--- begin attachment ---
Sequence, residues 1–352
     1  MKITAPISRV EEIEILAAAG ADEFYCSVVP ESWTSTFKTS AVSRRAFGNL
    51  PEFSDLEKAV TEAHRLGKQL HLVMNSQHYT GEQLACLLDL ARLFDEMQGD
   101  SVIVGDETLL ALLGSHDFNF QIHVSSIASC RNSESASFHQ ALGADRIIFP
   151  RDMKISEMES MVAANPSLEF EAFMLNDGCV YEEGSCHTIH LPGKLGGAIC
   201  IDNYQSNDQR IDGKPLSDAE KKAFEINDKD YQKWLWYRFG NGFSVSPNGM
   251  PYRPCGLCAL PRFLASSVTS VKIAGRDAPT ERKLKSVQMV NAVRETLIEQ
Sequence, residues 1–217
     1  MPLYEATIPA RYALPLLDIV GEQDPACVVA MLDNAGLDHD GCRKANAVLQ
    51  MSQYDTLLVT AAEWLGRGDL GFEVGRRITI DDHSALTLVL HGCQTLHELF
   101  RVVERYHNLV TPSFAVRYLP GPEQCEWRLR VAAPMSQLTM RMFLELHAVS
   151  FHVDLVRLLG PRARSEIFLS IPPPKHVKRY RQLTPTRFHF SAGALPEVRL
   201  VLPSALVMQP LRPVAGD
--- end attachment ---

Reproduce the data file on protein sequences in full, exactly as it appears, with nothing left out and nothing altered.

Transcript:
Sequence, residues 1–352
     1  MKITAPISRV EEIEILAAAG ADEFYCSVVP ESWTSTFKTS AVSRRAFGNL
    51  PEFSDLEKAV TEAHRLGKQL HLVMNSQHYT GEQLACLLDL ARLFDEMQGD
   101  SVIVGDETLL ALLGSHDFNF QIHVSSIASC RNSESASFHQ ALGADRIIFP
   151  RDMKISEMES MVAANPSLEF EAFMLNDGCV YEEGSCHTIH LPGKLGGAIC
   201  IDNYQSNDQR IDGKPLSDAE KKAFEINDKD YQKWLWYRFG NGFSVSPNGM
   251  PYRPCGLCAL PRFLASSVTS VKIAGRDAPT ERKLKSVQMV NAVRETLIEQ
Sequence, residues 1–217
     1  MPLYEATIPA RYALPLLDIV GEQDPACVVA MLDNAGLDHD GCRKANAVLQ
    51  MSQYDTLLVT AAEWLGRGDL GFEVGRRITI DDHSALTLVL HGCQTLHELF
   101  RVVERYHNLV TPSFAVRYLP GPEQCEWRLR VAAPMSQLTM RMFLELHAVS
   151  FHVDLVRLLG PRARSEIFLS IPPPKHVKRY RQLTPTRFHF SAGALPEVRL
   201  VLPSALVMQP LRPVAGD